When we hear that someone has suffered a stroke, we usually imagine them to be a sickly senior - not a healthy child.
Most of us typically see kids as the epitome of good health, but like everyone else, they're not immune from facing heartbreaking conditions.
But tragedy struck a Mineral City, Ohio boy after he complained of a headache while playing in an afternoon soccer match.
Back in June, seven-year-old Stephen Corner was sitting on his mother's lap during a break in the game when he suddenly collapsed.
He was unable to sit back up, could only make mumbling sounds, and was clutching his face. His mother Nicole Cavall rushed him to the Cleveland Clinic Union Hospital, where they received the shocking news.
Corner was later flown to the Cleveland Clinic Children's Hospital, and after doctors ran a handful of tests, they confirmed Corner had suffered from a pediatric stroke.
Neil Friedman, director of the Center for Pediatric Neurosciences at Cleveland Clinic Children's Hospital said in an interview with Daily Mail Online that they believe the stroke was caused by an inflammatory response to a prior viral illness.
It's thought it then provoked a clot to form in one of his main cerebral arteries in his brain.
"Our theory is [the stroke is] not directly due to the virus but the body's inflammatory response," Friedman said.
"So it doesn't occur acutely with the virus but some weeks or months after the virus - and that causes some narrowing or weaknesses in part of the brain."
"He'd never had a medical problem in his life."
Cavall said the diagnosis took her by surprise, as she "never heard of a child having a stroke."
"He'd never had a medical problem in his life," she said in an interview with the Cleveland Clinic.
However, Friedman said Cavall isn't the only parent unaware kids can suffer from strokes.
"There is a lack of awareness that stroke occurs in children. People tend to dismiss the signs of a stroke as almost anything else."
We know there are a lot of mimics to a stroke. In adults, if there's weakness, it's diagnosed as a stroke unless proved otherwise.
For children, it can be the result of complicated migraines, weakness after a seizure, and we actually have to do an MRI to diagnose a stroke."
Friedman explained this is why most children don't come to the hospital more than 24 hours later.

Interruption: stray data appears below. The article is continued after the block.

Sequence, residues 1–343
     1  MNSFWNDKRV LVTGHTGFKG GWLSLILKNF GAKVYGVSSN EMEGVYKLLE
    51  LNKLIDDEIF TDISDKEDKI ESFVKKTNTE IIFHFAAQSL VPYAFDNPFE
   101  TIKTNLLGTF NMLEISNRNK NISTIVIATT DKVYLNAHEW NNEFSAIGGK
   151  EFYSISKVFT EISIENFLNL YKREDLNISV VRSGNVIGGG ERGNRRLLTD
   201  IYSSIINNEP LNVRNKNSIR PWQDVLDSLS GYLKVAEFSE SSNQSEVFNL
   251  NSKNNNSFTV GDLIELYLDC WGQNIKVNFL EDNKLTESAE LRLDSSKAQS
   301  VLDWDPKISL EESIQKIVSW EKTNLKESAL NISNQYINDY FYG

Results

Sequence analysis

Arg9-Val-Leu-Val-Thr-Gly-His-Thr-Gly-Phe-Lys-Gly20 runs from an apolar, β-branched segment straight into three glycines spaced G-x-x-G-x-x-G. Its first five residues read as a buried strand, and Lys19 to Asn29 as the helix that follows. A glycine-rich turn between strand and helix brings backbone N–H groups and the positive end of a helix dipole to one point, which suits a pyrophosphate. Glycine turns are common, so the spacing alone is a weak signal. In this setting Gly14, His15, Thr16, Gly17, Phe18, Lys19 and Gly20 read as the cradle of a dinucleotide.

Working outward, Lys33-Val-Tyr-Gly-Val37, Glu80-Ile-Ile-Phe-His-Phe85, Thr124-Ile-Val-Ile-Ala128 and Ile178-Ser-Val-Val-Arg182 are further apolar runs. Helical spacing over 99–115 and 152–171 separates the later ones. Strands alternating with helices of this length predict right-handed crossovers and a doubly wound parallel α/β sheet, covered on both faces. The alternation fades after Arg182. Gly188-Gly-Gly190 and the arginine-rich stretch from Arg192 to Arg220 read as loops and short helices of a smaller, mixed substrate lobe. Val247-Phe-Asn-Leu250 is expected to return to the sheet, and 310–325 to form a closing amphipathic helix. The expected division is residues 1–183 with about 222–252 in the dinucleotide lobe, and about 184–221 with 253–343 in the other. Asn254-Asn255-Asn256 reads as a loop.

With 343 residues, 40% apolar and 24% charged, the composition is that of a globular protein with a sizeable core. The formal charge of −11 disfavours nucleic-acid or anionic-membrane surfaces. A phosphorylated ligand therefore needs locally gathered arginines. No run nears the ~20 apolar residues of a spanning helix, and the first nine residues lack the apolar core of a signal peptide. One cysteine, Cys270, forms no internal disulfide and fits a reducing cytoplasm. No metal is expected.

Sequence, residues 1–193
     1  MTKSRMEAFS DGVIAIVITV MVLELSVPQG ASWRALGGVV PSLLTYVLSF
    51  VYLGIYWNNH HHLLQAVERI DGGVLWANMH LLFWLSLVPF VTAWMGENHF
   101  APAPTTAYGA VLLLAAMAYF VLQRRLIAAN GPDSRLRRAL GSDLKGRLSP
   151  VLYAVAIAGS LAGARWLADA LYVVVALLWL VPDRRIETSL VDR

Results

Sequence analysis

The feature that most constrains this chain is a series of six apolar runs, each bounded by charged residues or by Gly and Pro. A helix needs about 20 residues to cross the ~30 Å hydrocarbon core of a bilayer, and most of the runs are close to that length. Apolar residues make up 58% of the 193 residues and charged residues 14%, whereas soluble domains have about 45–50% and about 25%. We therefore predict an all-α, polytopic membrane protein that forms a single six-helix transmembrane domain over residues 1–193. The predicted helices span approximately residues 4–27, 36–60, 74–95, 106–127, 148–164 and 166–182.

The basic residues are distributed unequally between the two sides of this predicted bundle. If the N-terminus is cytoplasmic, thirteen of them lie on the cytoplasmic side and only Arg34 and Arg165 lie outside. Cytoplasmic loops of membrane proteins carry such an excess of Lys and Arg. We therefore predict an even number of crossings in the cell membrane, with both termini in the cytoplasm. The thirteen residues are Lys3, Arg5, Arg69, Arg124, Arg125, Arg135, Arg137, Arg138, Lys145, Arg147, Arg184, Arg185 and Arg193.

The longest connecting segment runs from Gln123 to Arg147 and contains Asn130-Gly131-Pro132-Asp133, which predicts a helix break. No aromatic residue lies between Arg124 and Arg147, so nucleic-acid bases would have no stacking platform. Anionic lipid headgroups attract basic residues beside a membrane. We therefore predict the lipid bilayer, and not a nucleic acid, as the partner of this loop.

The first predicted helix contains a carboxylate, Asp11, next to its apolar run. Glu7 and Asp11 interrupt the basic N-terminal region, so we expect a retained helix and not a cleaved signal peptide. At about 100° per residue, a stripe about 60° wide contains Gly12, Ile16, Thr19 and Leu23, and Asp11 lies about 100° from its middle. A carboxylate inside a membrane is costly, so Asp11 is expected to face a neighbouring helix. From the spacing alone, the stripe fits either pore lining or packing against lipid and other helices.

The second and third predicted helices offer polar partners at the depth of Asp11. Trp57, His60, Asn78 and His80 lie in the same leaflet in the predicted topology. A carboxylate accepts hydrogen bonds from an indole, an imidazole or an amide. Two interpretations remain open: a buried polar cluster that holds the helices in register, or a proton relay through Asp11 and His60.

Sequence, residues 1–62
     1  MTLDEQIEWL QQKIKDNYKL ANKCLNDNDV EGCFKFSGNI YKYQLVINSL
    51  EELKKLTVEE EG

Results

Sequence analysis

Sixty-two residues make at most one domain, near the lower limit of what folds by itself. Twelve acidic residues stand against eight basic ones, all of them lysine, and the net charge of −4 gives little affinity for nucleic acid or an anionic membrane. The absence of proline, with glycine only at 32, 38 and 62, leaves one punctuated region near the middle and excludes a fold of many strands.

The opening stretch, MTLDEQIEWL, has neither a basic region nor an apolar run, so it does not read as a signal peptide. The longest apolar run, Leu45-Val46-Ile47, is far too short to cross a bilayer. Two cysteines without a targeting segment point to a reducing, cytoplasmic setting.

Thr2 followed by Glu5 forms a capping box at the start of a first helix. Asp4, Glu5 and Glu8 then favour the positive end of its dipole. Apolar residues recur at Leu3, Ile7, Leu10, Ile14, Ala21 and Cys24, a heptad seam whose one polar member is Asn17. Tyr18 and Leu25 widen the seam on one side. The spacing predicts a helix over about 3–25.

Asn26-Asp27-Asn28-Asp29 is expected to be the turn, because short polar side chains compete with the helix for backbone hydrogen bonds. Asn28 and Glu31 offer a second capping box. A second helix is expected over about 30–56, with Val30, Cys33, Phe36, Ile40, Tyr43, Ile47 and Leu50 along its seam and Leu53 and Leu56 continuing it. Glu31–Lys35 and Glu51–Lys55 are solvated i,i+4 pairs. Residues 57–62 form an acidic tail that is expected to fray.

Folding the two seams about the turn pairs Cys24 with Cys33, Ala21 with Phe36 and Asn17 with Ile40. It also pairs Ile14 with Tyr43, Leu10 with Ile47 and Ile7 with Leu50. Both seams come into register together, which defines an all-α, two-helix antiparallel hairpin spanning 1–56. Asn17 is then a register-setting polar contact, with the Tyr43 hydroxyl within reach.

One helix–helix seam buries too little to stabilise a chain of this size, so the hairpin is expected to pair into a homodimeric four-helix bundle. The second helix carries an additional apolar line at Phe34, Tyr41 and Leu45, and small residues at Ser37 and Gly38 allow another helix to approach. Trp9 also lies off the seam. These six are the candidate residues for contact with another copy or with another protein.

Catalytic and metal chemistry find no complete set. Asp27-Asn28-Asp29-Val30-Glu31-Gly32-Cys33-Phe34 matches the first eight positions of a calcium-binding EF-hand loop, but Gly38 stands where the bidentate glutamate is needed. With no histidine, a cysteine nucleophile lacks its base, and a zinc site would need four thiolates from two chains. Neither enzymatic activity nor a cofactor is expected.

"He's made terrific progress and a tremendous recovery."
Corner eventually had a mechanical thrombectomy - a procedure rarely performed on kids.
"The catheter is inserted into an artery in the groin and then it’s threaded up to the brain," explained Friedman.
"This special catheter essentially has like a l little basket which can expand around the clot, close it and retrieve it."
Friedman said the surgery was a success, and when the youngster awoke, he was slowly able to talk.
Corner was closely monitored during his recovery, and was able to return to school in September. Cavall said aside from the occasional memory lapse, he's back to normal.
"He's made terrific progress and a tremendous recovery," Friedman said. "There's a plasticity in children's brains that allows them to bounce back more quickly from a stroke than maybe an adult might."
What is a stroke?
The National Stroke Association classifies a stroke, otherwise known as a cerebrovascular accident (CVA), as when blood flow to an area of brain is cut off.
Once this occurs, the brain cells to become deprived of oxygen, causing them to die off.
When a person experiences the onset of a stroke, the first 30 minutes is the most critical moments for medical professionals.
During that time they must evaluate the type of stroke an individual is suffering from and what areas of the brain are affected by it.
After that time period, physicians will have a significantly more difficult time finding a diagnosis due to the increased amount of blood in the brain.
According to a study published in the Journal of the American Medical Association Neurology, while about 75% of strokes occur in people 75 years or older, the Children's Hospital of Philadelphia reports that around 12 in 100,000 children under 18 can also suffer from the life-threatening medical condition.
Children who have sickle cell anemia, congenital heart defects or issues with blood clotting are more likely to be at risk for strokes, which is the sixth leading cause of death in children.
Friedman said Corner is now part of a study at the Cleveland Clinic that is "looking at different viruses and viral markers to see which once might cause a stroke."
"There needs to be a general awareness that strokes can happen in children.
We really need funding and support to help these children. Pediatric stroke is three times more common in children than brain tumors.
But everyone has heard of brain tumors in children, so there's lots of research and funding in those fields."
If you suspect someone is having stroke, the National Stroke Association has created an easy way to identify the most common symptoms through FAST.
- FACE: Ask the person to smile. Does one side of the face droop?
- ARMS: Ask the person to raise both arms. Does one arm drift downward?
- SPEECH: Ask the person to repeat a simple phrase. Is their speech slurred or strange?
- TIME: If you observe any of these signs, call 9-1-1 immediately.
By remembering this acronym, you can save a person's life.
[H/T: Daily Mail]